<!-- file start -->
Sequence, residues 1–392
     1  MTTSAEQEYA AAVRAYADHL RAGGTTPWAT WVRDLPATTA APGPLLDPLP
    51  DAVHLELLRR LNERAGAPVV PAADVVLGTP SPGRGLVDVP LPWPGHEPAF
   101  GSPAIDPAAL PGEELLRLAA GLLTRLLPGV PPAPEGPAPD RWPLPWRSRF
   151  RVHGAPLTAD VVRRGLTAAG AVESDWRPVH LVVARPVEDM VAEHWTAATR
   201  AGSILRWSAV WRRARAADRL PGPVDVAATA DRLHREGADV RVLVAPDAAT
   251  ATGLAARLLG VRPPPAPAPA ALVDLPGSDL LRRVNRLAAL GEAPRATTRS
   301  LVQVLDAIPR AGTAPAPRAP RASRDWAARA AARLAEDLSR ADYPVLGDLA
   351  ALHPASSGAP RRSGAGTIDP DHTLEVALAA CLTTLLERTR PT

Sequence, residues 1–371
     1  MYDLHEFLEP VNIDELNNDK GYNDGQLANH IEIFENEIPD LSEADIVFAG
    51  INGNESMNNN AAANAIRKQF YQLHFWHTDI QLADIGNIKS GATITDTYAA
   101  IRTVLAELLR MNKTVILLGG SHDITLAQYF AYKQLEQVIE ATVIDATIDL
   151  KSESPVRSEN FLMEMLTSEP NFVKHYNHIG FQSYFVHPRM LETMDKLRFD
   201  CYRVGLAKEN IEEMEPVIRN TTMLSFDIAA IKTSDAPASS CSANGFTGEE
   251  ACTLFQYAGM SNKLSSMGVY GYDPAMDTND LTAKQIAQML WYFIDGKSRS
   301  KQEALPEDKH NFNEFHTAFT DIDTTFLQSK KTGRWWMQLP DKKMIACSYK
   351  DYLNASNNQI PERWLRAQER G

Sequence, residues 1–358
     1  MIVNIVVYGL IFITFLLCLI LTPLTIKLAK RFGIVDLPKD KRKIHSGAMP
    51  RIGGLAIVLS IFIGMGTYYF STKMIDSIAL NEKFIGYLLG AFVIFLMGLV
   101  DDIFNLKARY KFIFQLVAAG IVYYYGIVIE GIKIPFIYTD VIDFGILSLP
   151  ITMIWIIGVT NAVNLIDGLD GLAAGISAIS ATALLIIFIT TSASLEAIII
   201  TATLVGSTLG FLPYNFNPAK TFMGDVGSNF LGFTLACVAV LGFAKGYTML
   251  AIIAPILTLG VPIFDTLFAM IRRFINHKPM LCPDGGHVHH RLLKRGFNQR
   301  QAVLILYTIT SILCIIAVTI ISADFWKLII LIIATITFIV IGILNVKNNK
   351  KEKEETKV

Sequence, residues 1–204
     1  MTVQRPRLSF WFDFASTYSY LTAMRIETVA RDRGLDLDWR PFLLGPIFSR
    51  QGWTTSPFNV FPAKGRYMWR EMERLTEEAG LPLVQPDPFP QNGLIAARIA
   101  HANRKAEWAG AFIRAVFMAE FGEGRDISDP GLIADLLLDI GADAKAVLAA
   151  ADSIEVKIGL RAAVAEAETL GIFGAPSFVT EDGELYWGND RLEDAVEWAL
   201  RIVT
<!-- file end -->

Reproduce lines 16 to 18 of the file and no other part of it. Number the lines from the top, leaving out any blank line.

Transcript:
   251  ACTLFQYAGM SNKLSSMGVY GYDPAMDTND LTAKQIAQML WYFIDGKSRS
   301  KQEALPEDKH NFNEFHTAFT DIDTTFLQSK KTGRWWMQLP DKKMIACSYK
   351  DYLNASNNQI PERWLRAQER G